Net earnings fell 9 percent to $771 million, or 99 cents per share, from $843 million, or $1.01 per share in the fourth quarter of 2018.

Revenue fell 8 percent to $2.9 billion from $3.1 billion. CSX said in a news release that one bright spot was that fourth-quarter expenses were down 9 percent year over year to $1.73 billion due to efficiency gains and volume-related savings.

Operating income declined 8 percent to $1.15 billion compared to the fourth quarter of 2018.

The Class 1 carrier said the lower volumes were in part driven by loss of coal traffic.

CSX did post a 60 percent operating ratio, a fourth quarter record. The operating ratio is the percentage of revenue that is devoted to expenses.

In the fourth quarter of 2018 the operating ratio had been 60.3 percent.

For 2019 as a whole, CSX generated net earnings of $3.33 billion, or $4.17 per share, versus 3.31 billion, or $3.84 per share, in 2018, an increase of 1 percent and 9 percent, respectively.

It said its full-year 2019 operating ratio of 58.4 percent set a U.S. Class I record, improving from the 2018 record result of 60.3 percent.

For the year, CSX traffic volume was down 4 percent with merchandise traffic flat, coal traffic down 5 percent, and intermodal falling by 8 percent.

CSX said much of the 17 percent decline in coal traffic in the fourth quarter of 2019 was due to fewer shipments of coal used to generate electricity. That market has been hindered by competition from natural gas.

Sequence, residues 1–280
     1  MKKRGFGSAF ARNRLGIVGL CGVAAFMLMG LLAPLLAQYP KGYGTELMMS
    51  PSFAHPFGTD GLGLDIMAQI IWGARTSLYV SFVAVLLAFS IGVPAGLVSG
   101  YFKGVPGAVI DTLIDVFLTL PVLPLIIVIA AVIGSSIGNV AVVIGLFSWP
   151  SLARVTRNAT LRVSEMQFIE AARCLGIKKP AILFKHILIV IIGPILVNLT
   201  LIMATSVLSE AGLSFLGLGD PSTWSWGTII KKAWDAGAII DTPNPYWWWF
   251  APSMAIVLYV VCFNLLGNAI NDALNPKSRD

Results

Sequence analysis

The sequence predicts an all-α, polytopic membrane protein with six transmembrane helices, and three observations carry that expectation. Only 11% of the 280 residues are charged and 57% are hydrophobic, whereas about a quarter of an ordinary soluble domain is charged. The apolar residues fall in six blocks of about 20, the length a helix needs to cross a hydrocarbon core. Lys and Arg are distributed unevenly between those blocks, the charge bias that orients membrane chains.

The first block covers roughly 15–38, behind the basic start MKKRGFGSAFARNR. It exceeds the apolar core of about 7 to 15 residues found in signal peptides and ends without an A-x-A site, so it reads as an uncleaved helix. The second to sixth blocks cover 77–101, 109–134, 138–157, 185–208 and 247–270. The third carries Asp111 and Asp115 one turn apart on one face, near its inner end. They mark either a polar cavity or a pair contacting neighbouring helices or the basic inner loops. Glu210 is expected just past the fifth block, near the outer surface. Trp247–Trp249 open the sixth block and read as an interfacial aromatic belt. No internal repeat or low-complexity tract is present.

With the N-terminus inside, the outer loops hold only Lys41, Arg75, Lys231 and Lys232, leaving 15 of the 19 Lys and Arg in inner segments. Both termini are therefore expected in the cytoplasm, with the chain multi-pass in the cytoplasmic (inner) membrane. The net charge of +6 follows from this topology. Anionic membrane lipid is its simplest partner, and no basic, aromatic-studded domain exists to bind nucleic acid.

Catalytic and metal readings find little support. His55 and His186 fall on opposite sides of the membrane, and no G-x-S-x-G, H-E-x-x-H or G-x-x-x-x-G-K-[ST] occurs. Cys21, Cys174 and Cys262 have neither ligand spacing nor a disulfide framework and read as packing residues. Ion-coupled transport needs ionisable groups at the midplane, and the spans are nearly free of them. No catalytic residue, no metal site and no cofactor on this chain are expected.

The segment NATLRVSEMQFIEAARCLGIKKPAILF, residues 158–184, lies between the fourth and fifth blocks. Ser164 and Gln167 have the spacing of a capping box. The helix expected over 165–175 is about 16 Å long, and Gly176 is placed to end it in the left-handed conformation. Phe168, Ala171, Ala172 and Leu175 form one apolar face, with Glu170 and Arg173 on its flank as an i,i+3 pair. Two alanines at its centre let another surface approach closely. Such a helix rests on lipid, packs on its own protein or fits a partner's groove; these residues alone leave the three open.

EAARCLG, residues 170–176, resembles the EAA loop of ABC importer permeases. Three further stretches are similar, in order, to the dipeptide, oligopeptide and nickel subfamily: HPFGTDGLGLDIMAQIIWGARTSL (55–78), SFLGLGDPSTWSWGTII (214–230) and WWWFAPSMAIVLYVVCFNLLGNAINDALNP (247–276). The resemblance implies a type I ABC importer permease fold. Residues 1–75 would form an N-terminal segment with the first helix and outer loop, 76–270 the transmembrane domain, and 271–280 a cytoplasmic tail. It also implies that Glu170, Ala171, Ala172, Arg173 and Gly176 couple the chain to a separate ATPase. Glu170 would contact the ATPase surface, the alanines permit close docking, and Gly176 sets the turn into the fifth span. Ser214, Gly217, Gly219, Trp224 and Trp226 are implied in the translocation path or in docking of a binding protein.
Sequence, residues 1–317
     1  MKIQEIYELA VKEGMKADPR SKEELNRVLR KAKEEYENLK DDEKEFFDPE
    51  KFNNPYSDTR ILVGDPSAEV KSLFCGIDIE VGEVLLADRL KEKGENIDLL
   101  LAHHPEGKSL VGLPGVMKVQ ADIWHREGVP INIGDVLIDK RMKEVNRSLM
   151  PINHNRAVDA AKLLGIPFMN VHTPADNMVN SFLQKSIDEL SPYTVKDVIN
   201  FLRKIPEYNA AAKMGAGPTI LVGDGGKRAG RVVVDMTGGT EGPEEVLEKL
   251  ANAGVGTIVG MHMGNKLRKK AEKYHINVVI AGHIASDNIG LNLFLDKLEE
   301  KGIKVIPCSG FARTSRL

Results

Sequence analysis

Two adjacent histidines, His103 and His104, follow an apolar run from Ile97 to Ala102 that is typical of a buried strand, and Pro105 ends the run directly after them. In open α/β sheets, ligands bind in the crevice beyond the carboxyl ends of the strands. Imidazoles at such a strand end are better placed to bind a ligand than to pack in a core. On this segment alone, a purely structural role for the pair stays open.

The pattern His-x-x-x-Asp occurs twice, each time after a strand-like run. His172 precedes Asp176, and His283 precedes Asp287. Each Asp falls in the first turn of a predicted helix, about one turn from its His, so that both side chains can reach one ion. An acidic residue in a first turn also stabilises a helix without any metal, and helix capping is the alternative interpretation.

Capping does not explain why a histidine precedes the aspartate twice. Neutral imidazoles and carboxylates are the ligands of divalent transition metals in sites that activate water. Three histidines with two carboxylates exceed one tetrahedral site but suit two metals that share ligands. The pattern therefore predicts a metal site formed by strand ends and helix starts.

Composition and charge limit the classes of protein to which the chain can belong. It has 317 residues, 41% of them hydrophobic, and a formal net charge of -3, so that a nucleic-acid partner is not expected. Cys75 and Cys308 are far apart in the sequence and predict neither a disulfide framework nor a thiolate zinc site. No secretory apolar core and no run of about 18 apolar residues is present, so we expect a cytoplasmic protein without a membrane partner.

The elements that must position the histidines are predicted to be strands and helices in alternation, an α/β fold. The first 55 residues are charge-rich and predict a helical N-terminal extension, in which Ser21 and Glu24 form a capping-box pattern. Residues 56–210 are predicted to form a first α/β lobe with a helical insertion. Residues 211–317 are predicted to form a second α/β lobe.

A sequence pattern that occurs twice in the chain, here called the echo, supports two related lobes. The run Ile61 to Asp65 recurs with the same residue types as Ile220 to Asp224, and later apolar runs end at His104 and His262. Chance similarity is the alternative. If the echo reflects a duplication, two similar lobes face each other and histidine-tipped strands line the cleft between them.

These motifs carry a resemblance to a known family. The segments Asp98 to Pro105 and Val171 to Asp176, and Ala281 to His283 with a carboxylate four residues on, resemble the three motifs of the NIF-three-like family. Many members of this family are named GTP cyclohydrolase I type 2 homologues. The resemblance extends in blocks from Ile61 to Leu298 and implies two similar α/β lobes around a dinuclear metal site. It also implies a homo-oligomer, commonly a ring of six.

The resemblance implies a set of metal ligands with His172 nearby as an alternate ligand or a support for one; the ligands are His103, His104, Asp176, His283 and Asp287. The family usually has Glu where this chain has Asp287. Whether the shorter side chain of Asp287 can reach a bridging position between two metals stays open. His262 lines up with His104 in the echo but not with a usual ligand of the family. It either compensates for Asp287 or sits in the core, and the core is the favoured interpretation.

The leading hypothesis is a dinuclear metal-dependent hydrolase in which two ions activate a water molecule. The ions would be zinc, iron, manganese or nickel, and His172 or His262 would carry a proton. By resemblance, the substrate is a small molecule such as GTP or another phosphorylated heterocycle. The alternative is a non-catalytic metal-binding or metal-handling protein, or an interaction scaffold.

Export coal fell due to reduced international shipments of both thermal and metallurgical coal as global benchmark prices fell.

Also falling was domestic and international intermodal shipments. CSX attributed that 7 percent decline to the closing of some low-density service lanes.

As far as the 3 percent falloff in merchandise traffic, CSX said chemicals were down due to reduced natural gas liquids, fly ash and sand shipments.

Agriculture and food products increased due to gains in ethanol, sweeteners and oil.

Automotive traffic fell due to a reduction in North American production while minerals increased due to higher shipments for highway projects.

Forest products dipped due to fewer pulp board shipments while fertilizer volume gained on short-haul phosphate shipments that offset by declines in long-haul fertilizer shipments.

Metals and equipment were down due to reduced steel, construction and scrap shipments.

In a conference call, CSX CEO James Foote sought to put a positive spin on the report by saying, “our service is the best it’s ever been and getting better.”

Mark Wallace, CSX’s executive vice president of sale and marketing, insisted that the railroad is gaining market share every day from trucks as a result.

Nonetheless, he said CSX does not foresee a contraction in trucking industry capacity that would spark an increase in truck rates that could prompt diversion of highway loads to intermodal.

Wallace also said CSX will hold the line on intermodal rates and refuse to chase volume to cutting price.

He said most of CSX’s domestic intermodal business is under long-term contracts.